By: Steve Scaffidi, Account Executive, Leonard & Finco Public Relations
I was sitting in a local diner early last week, enjoying a hot cup of coffee while tuning out the banter of other patrons so I could concentrate on my own activities. As I sat there, periodically checking my phone or my laptop for any new emails, I thought about the pace of my day and how that has changed thanks to technology.
In the amazingly fast-paced world we live in, with an almost continuous bombardment of messages coming at us from every direction, I thought to myself how incredible technology is. The world is now delivered right to the palm of our hands via smart phones, serving as virtual mini-TVs, always on and providing data to our brains.
What that means is a never-ending stream of messaging and information directed at us, with the sole purpose of capturing our attention. If you’re like me, you’re curious about what’s happening in the stock market, politics or sports, and getting the latest updates should make us all better-informed citizens. But at what cost? When does technology become a burden or overwhelm our ability to process information?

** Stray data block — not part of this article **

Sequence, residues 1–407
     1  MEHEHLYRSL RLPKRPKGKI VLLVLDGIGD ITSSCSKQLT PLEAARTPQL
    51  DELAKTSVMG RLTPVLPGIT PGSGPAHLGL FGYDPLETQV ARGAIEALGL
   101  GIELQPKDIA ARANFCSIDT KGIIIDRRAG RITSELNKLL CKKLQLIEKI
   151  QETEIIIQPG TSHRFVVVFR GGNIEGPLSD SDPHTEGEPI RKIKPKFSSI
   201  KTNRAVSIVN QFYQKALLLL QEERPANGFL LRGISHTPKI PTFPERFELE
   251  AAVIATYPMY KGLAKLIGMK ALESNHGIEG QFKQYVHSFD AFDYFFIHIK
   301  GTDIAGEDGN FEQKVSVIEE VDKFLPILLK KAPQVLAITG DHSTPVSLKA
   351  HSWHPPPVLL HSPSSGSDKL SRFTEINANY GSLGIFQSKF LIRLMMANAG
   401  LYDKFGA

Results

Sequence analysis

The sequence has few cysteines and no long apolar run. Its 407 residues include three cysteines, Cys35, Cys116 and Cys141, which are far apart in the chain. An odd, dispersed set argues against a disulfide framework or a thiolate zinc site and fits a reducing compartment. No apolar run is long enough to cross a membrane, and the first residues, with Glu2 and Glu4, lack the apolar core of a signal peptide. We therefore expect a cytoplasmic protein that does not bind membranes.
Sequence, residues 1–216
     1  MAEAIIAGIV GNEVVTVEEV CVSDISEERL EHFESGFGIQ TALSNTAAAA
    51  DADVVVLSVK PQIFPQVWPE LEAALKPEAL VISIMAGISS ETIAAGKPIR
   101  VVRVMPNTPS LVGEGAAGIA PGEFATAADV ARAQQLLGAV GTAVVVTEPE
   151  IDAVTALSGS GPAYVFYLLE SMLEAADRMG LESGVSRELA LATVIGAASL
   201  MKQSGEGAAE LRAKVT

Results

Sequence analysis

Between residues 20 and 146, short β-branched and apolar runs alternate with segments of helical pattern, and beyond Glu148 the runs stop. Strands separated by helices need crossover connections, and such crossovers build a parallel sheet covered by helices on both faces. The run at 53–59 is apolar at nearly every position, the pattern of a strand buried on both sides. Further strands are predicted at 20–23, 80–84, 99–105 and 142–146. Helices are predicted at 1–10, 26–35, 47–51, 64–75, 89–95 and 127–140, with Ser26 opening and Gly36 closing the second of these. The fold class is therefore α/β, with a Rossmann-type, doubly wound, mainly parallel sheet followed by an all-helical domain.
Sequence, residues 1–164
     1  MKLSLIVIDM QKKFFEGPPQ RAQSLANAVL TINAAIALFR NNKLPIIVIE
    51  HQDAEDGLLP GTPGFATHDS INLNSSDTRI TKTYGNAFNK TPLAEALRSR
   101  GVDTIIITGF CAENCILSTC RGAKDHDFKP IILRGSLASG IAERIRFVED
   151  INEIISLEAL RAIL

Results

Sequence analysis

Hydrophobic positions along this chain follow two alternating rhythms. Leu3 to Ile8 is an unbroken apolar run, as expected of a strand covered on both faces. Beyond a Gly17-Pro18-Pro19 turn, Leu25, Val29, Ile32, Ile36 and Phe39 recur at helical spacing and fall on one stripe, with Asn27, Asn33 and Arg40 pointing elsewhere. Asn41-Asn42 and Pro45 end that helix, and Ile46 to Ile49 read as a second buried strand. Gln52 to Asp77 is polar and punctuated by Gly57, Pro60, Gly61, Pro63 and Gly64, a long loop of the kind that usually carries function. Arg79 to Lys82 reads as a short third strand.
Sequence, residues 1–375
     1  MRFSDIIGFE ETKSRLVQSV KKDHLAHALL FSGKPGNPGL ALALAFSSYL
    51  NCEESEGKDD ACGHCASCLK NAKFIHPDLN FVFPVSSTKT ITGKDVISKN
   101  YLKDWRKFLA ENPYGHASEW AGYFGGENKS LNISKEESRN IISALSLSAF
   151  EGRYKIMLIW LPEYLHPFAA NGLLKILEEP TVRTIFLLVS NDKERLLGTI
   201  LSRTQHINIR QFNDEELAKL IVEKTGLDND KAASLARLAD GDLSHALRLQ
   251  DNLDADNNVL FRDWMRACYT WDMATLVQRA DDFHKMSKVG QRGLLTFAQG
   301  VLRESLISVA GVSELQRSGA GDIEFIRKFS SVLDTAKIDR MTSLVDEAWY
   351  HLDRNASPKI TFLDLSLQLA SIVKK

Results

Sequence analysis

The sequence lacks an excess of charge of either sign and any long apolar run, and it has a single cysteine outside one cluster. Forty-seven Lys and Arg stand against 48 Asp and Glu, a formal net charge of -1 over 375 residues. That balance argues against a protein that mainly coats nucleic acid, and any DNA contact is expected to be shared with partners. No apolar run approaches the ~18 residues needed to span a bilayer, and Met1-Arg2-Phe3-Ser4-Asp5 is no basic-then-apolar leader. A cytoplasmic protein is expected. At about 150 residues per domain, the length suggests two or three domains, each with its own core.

You can certainly make the case that this information flow provides the fodder for our water cooler conversations or whatever the 21st-Century version of that would be. A Keurig conversation perhaps? We’ve become a country of people filled with pretty strong opinions on the subjects that impact us every day. Has technology over-stimulated our information receptors? After all, how much do we really need to know about the Kardashians or the President’s pets?
I’ve read some great stories lately about folks “unplugging” from technology, some for as much as a week or longer. That length of time is not realistic for most of us, myself included. But, in small doses, maybe an hour or so a night, it might be a good idea to put the phone down and decompress. Take time to have a conversation with your spouse, your children or even yourself for that matter. The key is to have it without using technology or having it interrupt you. And don’t talk about what the world is doing, talk about what you’re doing and listen to what comes back to you in the form of an old-fashioned, face-to-face conversation. It might be the best news you’ve heard in a while.
Have you ever tried to escape from technology? If yes, for how long were you able to make it?